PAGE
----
let configuration = URLSessionConfiguration.background(withIdentifier: "")
let backgroundSession = URLSession(configuration: configuration, delegate: self, delegateQueue: nil)
let request = // Create a URLRequest
backgroundSession.downloadTask(with: request).resume()

The example process outlined in the WKRefreshBackgroundTask docs shows the best practice for setting this up. Also see WKURLSessionRefreshBackgroundTask for details about background URL sessions.

One important detail I noticed here is that when creating the URL session, I needed to pass the extension delegate (self) as the session delegate — even though I would expect my extension to be suspended when the session performs the URL request.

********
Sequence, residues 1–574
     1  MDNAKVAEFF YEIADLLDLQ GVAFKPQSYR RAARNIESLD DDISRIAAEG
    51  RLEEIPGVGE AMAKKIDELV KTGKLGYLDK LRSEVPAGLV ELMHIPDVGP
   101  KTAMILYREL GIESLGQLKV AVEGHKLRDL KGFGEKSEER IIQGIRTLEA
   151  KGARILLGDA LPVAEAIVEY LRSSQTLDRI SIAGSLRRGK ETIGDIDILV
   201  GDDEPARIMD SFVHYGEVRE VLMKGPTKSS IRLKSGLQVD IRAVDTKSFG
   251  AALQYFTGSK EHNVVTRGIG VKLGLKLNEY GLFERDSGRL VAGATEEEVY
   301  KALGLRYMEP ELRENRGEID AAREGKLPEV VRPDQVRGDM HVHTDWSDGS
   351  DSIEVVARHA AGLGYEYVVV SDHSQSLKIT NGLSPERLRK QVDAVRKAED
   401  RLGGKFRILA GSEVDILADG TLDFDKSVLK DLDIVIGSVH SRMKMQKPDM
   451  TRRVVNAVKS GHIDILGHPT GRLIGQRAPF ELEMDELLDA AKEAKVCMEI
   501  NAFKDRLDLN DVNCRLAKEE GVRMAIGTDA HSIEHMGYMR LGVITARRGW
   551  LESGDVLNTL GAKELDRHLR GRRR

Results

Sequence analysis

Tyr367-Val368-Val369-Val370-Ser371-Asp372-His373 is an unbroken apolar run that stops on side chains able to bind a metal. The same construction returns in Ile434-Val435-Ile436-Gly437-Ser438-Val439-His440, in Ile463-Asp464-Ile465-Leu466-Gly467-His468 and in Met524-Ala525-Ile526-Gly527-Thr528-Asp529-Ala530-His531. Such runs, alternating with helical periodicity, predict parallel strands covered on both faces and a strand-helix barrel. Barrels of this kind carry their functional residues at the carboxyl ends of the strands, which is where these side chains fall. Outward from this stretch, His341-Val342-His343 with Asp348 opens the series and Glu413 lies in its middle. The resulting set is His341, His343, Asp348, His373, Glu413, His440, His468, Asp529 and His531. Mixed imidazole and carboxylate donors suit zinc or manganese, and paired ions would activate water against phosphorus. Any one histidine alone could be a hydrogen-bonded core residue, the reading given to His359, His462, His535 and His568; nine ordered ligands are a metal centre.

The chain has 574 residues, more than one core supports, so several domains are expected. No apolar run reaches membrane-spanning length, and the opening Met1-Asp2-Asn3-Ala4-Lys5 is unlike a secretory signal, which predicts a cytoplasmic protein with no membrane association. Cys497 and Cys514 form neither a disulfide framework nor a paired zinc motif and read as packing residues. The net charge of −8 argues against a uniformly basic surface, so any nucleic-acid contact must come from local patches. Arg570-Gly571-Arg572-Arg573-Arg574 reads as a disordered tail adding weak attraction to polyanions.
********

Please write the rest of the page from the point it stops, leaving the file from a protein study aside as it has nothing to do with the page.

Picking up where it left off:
My guess is that if the system deems it acceptable, it will perform the request immediately, without suspending your extension process at all. So if you don’t assign a delegate here, you might not get any further session events. If the system is never calling your extension delegate’s handle(_:) method with a WKURLSessionRefreshBackgroundTask, double check this.

3. Handle URL session refresh tasks

The system will perform your URL request in a separate process, and again wake your extension once it has finished. It will call your extension delegate’s handle method like before, this time with a WKURLSessionRefreshBackgroundTask. Here, you need to do two things:

  1. Save the background task in an instance variable on your extension delegate. We don’t want to set it complete just yet, but we need to keep it around to set complete later when the URL request finishes.